Dystonia responds promptly to the anticholinergic Procyclide 5-10 mg IM/IV/PO or Benztropine 1-2 mg by slow IV injection.
- The best predictor of an acute dystonic reaction is a previous history of having had one.
- Can be quite dramatic and can be seen even after innocuous drugs
- These usually have some central dopamine blocking effects
- Commonest with neuroleptics but also with metoclopramide
- Haloperidol, Olanzapine, Clozapine
- Risperidone, Fluphenazine, Metoclopramide
- Prochlorperazine, cocaine, SSRI, Ranitidine
- Neuroleptics, carbamazepine, erythromycin
- Commoner in young patients
- Oculogyric crises - sustained upward gaze
- Torticollis and Tongue protrusion and Trismus
- Retrocollis, Rarely laryngospasm, opisthotonus
- Macroglossia but tongue does not swell, but it protrudes and feels swollen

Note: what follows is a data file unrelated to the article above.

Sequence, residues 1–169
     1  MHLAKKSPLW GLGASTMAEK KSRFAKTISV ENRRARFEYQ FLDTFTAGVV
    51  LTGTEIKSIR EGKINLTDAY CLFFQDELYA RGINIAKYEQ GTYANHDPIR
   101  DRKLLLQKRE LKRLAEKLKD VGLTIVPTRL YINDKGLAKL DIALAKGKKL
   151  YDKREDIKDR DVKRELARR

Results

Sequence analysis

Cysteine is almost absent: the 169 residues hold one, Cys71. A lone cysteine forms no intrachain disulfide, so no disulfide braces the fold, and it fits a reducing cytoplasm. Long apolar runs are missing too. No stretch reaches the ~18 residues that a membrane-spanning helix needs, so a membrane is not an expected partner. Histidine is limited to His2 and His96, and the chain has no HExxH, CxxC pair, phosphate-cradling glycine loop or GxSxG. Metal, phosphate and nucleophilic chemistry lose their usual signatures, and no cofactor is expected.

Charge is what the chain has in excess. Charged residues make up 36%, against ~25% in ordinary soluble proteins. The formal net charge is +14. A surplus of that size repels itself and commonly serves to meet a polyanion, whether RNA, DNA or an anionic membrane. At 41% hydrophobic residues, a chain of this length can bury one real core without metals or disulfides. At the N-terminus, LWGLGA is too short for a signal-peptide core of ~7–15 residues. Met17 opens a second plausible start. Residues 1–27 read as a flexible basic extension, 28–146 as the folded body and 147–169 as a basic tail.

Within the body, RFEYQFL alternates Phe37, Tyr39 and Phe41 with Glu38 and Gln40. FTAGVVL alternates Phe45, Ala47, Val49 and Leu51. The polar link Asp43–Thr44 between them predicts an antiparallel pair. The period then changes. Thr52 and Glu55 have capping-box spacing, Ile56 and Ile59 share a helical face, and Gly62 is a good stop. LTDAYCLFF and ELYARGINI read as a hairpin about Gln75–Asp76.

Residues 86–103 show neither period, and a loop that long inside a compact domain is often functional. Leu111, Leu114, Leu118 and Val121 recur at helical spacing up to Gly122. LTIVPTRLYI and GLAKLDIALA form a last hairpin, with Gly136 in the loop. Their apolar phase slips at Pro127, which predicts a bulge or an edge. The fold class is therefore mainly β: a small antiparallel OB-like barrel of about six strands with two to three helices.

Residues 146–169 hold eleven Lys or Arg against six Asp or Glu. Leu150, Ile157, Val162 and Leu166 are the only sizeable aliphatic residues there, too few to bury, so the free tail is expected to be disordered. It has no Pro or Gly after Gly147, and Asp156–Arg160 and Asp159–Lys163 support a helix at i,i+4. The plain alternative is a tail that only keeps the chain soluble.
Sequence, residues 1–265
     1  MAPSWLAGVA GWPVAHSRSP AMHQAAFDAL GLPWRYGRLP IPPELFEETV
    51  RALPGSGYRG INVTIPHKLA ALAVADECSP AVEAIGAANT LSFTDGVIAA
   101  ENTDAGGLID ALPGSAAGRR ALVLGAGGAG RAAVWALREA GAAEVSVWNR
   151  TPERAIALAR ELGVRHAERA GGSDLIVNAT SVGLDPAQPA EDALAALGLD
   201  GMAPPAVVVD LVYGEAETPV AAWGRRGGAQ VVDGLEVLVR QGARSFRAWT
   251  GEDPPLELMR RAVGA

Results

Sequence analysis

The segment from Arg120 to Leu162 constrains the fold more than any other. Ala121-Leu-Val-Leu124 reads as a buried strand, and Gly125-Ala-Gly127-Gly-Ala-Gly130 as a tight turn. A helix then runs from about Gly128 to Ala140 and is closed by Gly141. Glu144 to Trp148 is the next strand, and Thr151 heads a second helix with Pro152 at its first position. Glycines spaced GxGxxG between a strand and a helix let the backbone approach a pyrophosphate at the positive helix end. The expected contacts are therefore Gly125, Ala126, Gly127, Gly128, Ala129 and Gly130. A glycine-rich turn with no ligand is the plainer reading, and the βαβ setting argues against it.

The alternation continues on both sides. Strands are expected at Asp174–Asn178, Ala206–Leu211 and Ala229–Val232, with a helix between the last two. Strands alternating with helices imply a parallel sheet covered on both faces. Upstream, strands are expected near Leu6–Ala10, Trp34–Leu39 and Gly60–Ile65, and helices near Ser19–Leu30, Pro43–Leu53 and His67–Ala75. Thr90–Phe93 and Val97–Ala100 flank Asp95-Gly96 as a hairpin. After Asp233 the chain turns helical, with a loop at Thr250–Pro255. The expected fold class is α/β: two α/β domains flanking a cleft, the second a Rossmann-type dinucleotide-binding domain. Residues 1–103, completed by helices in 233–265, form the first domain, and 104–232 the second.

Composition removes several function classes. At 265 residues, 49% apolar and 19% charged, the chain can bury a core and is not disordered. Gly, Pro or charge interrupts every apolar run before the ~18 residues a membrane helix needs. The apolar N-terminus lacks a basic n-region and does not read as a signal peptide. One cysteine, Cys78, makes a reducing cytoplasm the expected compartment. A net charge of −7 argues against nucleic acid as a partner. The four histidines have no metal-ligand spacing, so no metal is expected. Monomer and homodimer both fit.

- Anxiety, tachycardia, sweating
- Tetanus and strychnine poisoning
- Hypocalcaemia and hypomagnesaemia
- Seizure, pseudoseizure, hyperventilation, meningitis
- ABC and resus if airway compromise with Oxygen and IV fluids
- Consider Procyclidine 5-10 mg IM or IV or PO. Alternatives include Benzatropine (Benztropine) 1-2 mg IV or IM repeated after 20 mins but if fails to work consider another diagnosis
- Diazepam, 5-10 mg IV has been used for the rare patient who does not completely respond to the more specific antidotes.
- Stop offending drug and advice do not give again.